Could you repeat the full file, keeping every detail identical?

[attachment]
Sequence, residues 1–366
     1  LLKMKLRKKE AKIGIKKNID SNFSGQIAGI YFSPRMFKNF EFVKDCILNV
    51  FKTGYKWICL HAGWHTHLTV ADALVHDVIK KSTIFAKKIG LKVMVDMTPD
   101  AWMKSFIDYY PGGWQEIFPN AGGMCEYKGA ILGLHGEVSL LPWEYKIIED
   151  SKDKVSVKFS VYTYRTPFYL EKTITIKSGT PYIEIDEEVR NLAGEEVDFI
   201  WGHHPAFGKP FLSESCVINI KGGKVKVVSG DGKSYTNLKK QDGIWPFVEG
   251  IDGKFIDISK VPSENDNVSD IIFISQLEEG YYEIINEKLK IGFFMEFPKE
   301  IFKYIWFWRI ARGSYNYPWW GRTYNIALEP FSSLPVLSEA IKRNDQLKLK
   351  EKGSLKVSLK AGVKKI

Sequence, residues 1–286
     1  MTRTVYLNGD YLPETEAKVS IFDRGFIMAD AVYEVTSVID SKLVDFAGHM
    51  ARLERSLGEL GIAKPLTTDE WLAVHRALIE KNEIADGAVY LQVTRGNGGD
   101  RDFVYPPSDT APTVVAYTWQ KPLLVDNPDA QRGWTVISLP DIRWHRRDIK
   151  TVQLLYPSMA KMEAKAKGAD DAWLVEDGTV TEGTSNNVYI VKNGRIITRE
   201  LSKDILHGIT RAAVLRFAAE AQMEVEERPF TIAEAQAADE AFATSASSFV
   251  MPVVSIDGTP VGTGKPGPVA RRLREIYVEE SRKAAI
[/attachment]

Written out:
Sequence, residues 1–366
     1  LLKMKLRKKE AKIGIKKNID SNFSGQIAGI YFSPRMFKNF EFVKDCILNV
    51  FKTGYKWICL HAGWHTHLTV ADALVHDVIK KSTIFAKKIG LKVMVDMTPD
   101  AWMKSFIDYY PGGWQEIFPN AGGMCEYKGA ILGLHGEVSL LPWEYKIIED
   151  SKDKVSVKFS VYTYRTPFYL EKTITIKSGT PYIEIDEEVR NLAGEEVDFI
   201  WGHHPAFGKP FLSESCVINI KGGKVKVVSG DGKSYTNLKK QDGIWPFVEG
   251  IDGKFIDISK VPSENDNVSD IIFISQLEEG YYEIINEKLK IGFFMEFPKE
   301  IFKYIWFWRI ARGSYNYPWW GRTYNIALEP FSSLPVLSEA IKRNDQLKLK
   351  EKGSLKVSLK AGVKKI

Sequence, residues 1–286
     1  MTRTVYLNGD YLPETEAKVS IFDRGFIMAD AVYEVTSVID SKLVDFAGHM
    51  ARLERSLGEL GIAKPLTTDE WLAVHRALIE KNEIADGAVY LQVTRGNGGD
   101  RDFVYPPSDT APTVVAYTWQ KPLLVDNPDA QRGWTVISLP DIRWHRRDIK
   151  TVQLLYPSMA KMEAKAKGAD DAWLVEDGTV TEGTSNNVYI VKNGRIITRE
   201  LSKDILHGIT RAAVLRFAAE AQMEVEERPF TIAEAQAADE AFATSASSFV
   251  MPVVSIDGTP VGTGKPGPVA RRLREIYVEE SRKAAI